“They are literally a heart and a soul,” declared the Kurier after the first of four performances Dec. 6-9 by conductor Riccardo Muti and pianist Rudolf Buchbinder with the Vienna Philharmonic at the Musikverein. Die Presse noted how audiences relished, with “justified ovations,” these concerts that also featured Beethoven’s Fifth Piano Concerto, Stravinsky’s Divertimento from The Fairy’s Kiss and Respighi’s Pines of Rome.

During the 2019-20 season, Vienna’s Gesellschaft der Musikfreunde (Society of Friends of Music, also known as the Musikverein) celebrates the 150th anniversary of its hall with a high-profile subscription series, exhibitions and many other activities. These December performances were part of this celebration, as will be the upcoming performance Jan. 13 of Verdi’s Requiem by Muti and the Chicago Symphony Orchestra during the orchestra’s 62nd international tour.*

A poster announces that a concert with Riccardo Muti, Rudolf Buchbinder and the Vienna Philharmonic featuring Beethoven’s Piano Concerto No. 5 is ausverkauft — sold out.

Like the Musikverein’s first performances in 1870, the festival concerts are combined with special concerts for the birthday of Ludwig van Beethoven, who as an honorary member was especially attached to the Musikverein. Muti and Buchbinder, both honorary members themselves, share this remarkable distinction with the composer. Now in honor of Beethoven’s 250th birthday, the Musikverein for the first time in its 150-year history gave a single pianist, Rudolf Buchbinder, the honor of performing Beethoven’s five piano concertos in a special cycle. Buchbinder’s partners in this unprecedented presentation were the Leipzig Gewandhaus Orchestra under Andris Nelsons and the Bavarian Radio Symphony Orchestra, and the Munich Philharmonic Orchestra and the Staatskapelle Dresden under their chief conductors including the late Mariss Jansons, Valery Gergiev and Christian Thielemann.

Muti conducted the culminating performance of Beethoven’s Fifth Piano Concerto with Vienna Philharmonic Orchestra, which the Kurier described as “exceptional  …  the best possible contenders in terms of exemplary Beethoven interpretation.” “Muti created a perfect balance of sound in the three movements,” observed Karlheinz Roschitz of Kronen Zeitung, particularly noting the “religious intimacy” of his interpretation of the second movement, marked adagio.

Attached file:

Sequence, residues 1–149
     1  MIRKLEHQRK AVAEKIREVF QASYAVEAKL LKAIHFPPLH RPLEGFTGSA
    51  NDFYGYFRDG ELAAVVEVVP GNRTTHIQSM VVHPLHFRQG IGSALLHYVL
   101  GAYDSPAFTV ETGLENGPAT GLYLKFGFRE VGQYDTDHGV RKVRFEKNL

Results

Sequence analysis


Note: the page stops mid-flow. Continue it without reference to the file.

The other works on the program equally delighted audiences. Described as “Tchaikovsky in Stravinsky’s clothes” by Die Presse, the Divertimento from The Fairy’s Kiss is Stravinsky’s orchestrated homage to earlier piano pieces by Tchaikovsky; Stravinsky later created a version for violin and piano. The Kronen Zeitung noted the appeal of “swinging elegance” that inspired Die Presse’s headline: “Muti’s invitation to the dance.”

“With a sovereignty beyond compare,” Muti concluded the program with Respighi’s Pines of Rome, wrote Die Press, “four episodes of Roman history and landscape in a fascinating orchestral tableaux” creating “a nonstop narrative that was breathtakingly suspenseful.”

*Also at the Musikverein, Muti and the CSO will perform the overture to Wagner’s The Flying Dutchman, Hindemith’s Mathis der Maler Symphony and Prokofiev’s Symphony No. 3 on Jan. 11 and again, Verdi’s Requiem with the Wiener Singverein, soprano Karssimira Stoyanova, alto Daniela Barcellona, tenor Francesco Meli and bass Riccardo Zanellato, on Jan. 14.

TOP: Rudolf Buchbinder and Riccardo Muti take their bows after a performance Dec. 6 of Beethoven’s Piano Concerto No. 5 at the Musikverein.  The concert was part of a 150th anniversary celebration of the historic Vienna venue. | Photo: ©Terry Linke